Emerson Electric (NYSE:EMR) has been one of the best companies you could purchase over the past 40-50 years. Heck, the company's dividend growth track record is equal to Procter & Gamble's in that both companies have been giving shareholders a raise at least once every twelve months for 57 years running now. Over most long-term periods, Emerson has proven to be a quite satisfactory investment.
Over the past ten years, every $10,000 invested in the company has turned into $27,850, compounding at 10.78% annually.
Over the past twenty years, every $10,000 invested in the company has turned into $88,266, compounding at 11.55% annually.
And over the last thirty years, every $10,000 invested in the company has turned into $501,000, compounding at 13.93% annually.
In other words, Emerson Electric has the long-term credentials of creating shareholder wealth. Despite Emerson's ability to make investors wealthy over the long-term by just about any way you can define the term, the company does seem to have difficulties in executing well-time share buybacks.
In particular, I question the effectiveness of using the $300 million in cash on hand (from selling an equity interest to Platinum Energy) to create more buybacks for the company, with the most recent announcement indicating a desire to repurchase $850 million worth of shares outstanding.
It just doesn't seem to me that Emerson has good timing with their stock buybacks-they tend to reduce shares outstanding when the price is expensive or reasonable, and halt buybacks once the shares become cheap and it is clearly advantageous to take the shares off the market.
From 2003 to 2008, the company was willing to take 70 million shares off the books. When the program hit its stride, the company was reducing its share count by 15 million each year.
But then, once the financial crisis hit and the shares became cheap in the low $20 range, the company suddenly stopped buying back its own stock. In 2009, Emerson had 751 million shares outstanding. And in 2010, due to executive compensation, the shares outstanding actually increased a little bit to 752.6 million shares outstanding. During the worst of the financial crisis, the company was able to issue cheap shares as compensation to executives, but it suddenly decided that it would stop its share buyback program, precisely during the period in time in which it would be most effective (fortunately, the company was raising its dividend from $1.20 in 2008 to $1.33 in 2009 so that shareholders were able to take advantage of Emerson's cheapness by reinvesting their dividends).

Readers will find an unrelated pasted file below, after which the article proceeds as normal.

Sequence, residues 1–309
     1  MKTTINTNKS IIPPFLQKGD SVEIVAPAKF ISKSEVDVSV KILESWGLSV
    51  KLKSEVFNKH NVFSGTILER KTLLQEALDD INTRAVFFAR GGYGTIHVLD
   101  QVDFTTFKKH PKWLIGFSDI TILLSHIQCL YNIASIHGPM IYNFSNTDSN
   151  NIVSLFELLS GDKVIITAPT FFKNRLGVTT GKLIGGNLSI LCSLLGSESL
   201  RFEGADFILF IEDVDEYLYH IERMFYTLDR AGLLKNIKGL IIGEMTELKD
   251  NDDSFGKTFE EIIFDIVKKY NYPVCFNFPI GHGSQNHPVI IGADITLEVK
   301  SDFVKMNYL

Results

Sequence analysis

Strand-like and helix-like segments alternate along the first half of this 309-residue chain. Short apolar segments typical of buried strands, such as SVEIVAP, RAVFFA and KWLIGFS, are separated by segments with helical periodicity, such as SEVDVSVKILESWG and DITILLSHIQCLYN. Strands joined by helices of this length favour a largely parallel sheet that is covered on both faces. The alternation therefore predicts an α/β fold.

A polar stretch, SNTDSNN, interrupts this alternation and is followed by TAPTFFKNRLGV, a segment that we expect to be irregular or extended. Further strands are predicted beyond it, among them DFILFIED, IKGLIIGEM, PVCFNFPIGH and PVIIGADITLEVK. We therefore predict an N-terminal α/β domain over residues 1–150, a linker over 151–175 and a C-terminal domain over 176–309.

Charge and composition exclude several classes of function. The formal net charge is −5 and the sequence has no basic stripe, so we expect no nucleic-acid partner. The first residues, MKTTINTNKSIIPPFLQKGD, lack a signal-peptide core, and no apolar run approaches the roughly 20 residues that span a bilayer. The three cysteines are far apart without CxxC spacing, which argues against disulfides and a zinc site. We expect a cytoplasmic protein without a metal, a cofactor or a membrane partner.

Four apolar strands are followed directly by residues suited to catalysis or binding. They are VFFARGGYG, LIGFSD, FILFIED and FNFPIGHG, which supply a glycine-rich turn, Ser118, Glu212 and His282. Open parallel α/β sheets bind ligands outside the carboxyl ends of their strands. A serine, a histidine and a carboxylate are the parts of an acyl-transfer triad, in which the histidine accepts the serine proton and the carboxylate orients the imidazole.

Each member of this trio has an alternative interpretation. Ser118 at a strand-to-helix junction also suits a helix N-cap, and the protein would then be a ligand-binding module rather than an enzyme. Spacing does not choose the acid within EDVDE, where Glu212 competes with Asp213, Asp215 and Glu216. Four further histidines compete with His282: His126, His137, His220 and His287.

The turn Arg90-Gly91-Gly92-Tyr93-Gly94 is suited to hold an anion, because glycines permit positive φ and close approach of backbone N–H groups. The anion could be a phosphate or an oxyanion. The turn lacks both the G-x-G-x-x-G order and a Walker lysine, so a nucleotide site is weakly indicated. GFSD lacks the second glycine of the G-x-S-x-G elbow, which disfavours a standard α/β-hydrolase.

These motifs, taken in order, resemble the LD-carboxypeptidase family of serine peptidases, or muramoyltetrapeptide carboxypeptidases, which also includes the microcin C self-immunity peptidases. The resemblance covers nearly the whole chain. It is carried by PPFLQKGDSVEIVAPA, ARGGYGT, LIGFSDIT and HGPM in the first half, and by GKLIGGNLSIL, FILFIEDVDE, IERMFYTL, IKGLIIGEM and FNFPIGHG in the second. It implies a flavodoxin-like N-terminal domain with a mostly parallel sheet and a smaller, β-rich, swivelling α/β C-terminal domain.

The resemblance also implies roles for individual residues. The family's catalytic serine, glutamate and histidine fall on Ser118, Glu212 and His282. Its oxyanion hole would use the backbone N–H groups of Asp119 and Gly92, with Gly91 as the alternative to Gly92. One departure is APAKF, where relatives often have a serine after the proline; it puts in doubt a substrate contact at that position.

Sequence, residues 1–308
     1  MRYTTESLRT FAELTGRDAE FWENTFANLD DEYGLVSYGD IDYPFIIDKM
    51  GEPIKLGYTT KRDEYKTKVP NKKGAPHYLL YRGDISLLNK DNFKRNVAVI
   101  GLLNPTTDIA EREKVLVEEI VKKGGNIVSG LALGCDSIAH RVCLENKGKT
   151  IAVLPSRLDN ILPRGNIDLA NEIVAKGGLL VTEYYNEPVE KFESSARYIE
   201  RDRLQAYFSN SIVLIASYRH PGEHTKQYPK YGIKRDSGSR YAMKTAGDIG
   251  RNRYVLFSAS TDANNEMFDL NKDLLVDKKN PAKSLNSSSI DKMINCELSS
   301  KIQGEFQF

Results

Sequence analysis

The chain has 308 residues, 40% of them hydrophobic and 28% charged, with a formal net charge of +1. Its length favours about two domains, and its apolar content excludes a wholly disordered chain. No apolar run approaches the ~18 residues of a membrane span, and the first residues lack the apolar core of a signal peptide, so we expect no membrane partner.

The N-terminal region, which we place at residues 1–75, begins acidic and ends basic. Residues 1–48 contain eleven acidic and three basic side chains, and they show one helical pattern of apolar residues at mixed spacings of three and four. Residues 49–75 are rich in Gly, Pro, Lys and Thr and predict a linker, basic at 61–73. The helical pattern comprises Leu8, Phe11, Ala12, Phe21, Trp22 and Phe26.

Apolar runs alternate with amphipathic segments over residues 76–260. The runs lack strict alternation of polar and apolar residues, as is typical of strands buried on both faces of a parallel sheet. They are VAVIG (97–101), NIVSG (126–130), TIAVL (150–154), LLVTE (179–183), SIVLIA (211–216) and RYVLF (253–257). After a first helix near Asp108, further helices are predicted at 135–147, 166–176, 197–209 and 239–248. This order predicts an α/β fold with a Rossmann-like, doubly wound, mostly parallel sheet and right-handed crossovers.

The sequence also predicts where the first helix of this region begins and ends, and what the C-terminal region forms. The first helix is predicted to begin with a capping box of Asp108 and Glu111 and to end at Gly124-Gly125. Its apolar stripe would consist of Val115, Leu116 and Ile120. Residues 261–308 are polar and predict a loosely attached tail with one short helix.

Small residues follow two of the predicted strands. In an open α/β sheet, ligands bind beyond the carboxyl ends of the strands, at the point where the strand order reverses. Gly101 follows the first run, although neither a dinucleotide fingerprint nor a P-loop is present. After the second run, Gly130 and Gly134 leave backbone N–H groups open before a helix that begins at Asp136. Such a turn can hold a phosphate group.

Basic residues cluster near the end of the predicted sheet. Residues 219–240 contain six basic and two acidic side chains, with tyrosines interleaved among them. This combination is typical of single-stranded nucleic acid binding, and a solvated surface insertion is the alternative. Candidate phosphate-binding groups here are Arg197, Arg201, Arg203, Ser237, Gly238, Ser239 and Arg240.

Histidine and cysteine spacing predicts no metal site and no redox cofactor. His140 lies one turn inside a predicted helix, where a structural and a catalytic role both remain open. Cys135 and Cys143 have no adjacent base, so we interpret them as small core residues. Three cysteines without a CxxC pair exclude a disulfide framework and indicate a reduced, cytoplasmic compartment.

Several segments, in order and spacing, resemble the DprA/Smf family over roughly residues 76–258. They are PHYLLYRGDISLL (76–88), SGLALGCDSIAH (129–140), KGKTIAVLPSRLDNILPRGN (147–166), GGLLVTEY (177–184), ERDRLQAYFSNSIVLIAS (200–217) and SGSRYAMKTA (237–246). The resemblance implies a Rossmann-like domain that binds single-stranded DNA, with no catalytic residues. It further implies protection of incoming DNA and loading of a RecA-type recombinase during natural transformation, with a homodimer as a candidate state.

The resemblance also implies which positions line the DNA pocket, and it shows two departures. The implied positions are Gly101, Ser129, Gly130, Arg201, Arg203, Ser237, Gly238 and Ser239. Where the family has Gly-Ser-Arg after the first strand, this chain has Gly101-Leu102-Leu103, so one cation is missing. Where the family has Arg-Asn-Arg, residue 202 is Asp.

But now that we are out of the financial crisis, and Emerson's shares are trading at an expensive multiple, the company is now finding time to repurchase its shares. Since 2010, Emerson has resumed its habit of reducing its share count by 10-15 million per year. The 2010 share count of 752 million has reduced to 715 million today. This seems to be an indication that Emerson might be engaging in the practice of buying its stock when the price is high and declining to do so when the price is low.
Right now, Emerson Electric is trading at its loftiest valuation in the past generation. This company does not regularly trade at 24x earnings-this is the very high end of where Emerson has historically been valued. Even we are charitable in our assessment of the company's valuation and manually remove one-time items to conclude that the company is currently sitting on $3.50 per share in actual earnings power, this is still a company trading at 19x earnings.
Even under this scenario, this still means that Emerson is trading at the same valuation that the company last saw during the late 1990s tech boom. From 1997 to 1999, Emerson was a company trading in the 19-21x earnings range. So at the very least, it would seem, Emerson's valuation is currently as steep as it was in the late 1990s. This leads me to the conclusion that Emerson is continuing its practice of "buying high" in regards to its share buyback valuation.
In many ways, this is somewhat of a typical situation for blue-chip cyclical companies. When the profits are at all-time highs, and the valuations are generally at corresponding all-time highs, then the company uses the excess cash to engage in large share buybacks at somewhat inopportune times. And then, when share prices and profits plummet, the company needs to retain cash for stability and does not engage in buybacks at the moment it would be the most effective to do so.
Emerson seems to be fitting this pattern well. Emerson spent most of the 2000s buying back its own stock until the financial crisis hit, and then the common started to slightly dilute shareholders. Now that profits and valuations are quite high, the company finds room to retire $850 million worth of shares. Buybacks are only effective when the shares are cheap, or at the very least, reasonably priced. Given that Emerson's valuation is north of 20x earnings, it seems an imprudent use of shareholder cash to be reducing the share count now. I'd like to see management keep the cash on hand for an economic slowdown, and then aggressively retire shares then.
Disclosure: I am long EMR. I wrote this article myself, and it expresses my own opinions. I am not receiving compensation for it (other than from Seeking Alpha). I have no business relationship with any company whose stock is mentioned in this article.